This decision has been affirmed by the Hon’ble Supreme Court in Elecon Engg Co. Ltd.’s case (supra) and has also been approved in the case of Scientific Engg. House P. Ltd. (supra) In this case their Lordships approvingly cited the decision in Yarmouth vs. France (1987) 19 QBD 647, a case in which it was decided that a cart horse was “plant” within the meaning of s. 1(1) of the Employers’ Liability Act, 1880. Their Lordships quoted the following passage occurring at p. 658 of the Report :

“There is no definition of plant in the Act ; but in its ordinary sense, it includes whatever apparatus is used by a businessman for carrying on his business, —not his stock-in-trade which he buys or makes for sale ; but all goods and chattels, fixed or movable, live or dead, which he keeps for permanent employment in his business.”

It would be useful to reproduce below the following passage occurring at p. 96 of the Report :

“In other words, plant would include any article or object fixed or movable, live or dead, used by a businessman for carrying on his business and it is not necessarily confined to an apparatus which is used for mechanical operations or processes or is employed in mechanical or industrial business. In order to qualify as plant, the article must have some degree of durability, as for instance, in Hinton vs. Maden & Ireland Ltd. (1960) 39 ITR 357 (HL), knives and lasts having an average life of three years used in manufacturing shoes were held to be plant. In CIT vs. Taj Mahal Hotel 1973 CTR (SC) 480 : (1971) 82 ITR 44 (SC) the respondent, which ran a hotel, installed sanitary and pipeline fittings in one of its branches in respect whereof it claimed development rebate and the question was whether the sanitary and pipeline fittings installed fell within the definition of plant given in s. 10(5) of the 1922 Act which was similar to the definition given in s. 43(3) of the 1961 Act and this Court after approving the definition of plant given by Lindley L.J. in Yarmouth vs. France (1987) 19 QBD 647, as expounded in Jarrold vs. John Good and Sons Ltd. (1962) 40 TC 681 (CA), held that sanitary and pipeline fittings fell within the definition of plant.”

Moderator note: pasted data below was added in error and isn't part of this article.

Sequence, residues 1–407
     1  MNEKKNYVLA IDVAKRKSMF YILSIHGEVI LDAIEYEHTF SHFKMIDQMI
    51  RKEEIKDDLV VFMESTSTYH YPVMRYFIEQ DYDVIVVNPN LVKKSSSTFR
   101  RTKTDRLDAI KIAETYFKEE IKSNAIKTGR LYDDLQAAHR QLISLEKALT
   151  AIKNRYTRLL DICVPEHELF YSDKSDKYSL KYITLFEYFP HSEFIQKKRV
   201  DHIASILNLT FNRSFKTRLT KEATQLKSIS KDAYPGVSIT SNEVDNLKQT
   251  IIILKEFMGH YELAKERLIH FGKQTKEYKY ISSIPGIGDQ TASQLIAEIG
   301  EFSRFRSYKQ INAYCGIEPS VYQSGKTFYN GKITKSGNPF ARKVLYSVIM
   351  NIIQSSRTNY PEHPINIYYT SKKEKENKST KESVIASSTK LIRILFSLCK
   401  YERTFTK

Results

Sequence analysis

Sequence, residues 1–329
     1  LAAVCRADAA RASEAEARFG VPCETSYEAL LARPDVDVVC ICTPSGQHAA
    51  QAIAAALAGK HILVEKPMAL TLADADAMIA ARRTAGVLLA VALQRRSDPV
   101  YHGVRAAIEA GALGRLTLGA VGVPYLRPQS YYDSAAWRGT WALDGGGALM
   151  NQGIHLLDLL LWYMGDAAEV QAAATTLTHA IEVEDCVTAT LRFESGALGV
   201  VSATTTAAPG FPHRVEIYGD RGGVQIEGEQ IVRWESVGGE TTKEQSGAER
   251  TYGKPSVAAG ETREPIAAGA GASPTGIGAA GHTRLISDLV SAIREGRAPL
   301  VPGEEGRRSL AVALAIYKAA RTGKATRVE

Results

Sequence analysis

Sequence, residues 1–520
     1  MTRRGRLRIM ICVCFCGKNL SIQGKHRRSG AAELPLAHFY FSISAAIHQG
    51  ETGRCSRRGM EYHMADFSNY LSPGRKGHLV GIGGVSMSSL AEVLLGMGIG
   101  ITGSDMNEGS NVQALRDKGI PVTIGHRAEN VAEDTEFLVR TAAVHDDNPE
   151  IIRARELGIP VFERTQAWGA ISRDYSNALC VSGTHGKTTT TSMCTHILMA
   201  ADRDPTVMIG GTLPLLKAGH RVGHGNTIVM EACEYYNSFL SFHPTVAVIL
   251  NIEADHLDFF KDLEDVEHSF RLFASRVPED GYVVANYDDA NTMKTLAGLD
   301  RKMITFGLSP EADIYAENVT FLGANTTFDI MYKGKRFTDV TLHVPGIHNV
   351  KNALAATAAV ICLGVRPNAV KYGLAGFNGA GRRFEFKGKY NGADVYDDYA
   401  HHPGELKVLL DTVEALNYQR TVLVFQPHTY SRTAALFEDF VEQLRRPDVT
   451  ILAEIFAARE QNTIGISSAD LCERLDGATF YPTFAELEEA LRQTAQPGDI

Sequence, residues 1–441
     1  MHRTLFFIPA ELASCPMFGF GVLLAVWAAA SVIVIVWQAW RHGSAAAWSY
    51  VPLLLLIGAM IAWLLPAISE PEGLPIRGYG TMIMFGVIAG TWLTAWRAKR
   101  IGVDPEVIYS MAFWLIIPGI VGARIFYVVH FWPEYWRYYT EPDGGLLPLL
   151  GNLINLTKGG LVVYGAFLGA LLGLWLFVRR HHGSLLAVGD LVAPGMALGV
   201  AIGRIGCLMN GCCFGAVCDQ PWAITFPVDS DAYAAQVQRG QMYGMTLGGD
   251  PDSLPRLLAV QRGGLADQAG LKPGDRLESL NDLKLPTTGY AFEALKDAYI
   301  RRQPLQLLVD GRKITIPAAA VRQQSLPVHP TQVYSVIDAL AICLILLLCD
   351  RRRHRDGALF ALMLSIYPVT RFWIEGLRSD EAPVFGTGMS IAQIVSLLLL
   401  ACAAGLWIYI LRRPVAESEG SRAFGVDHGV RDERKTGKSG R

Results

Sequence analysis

1. In order to ascertain whether a particular article or object is “plant” their Lordships laid down the following test :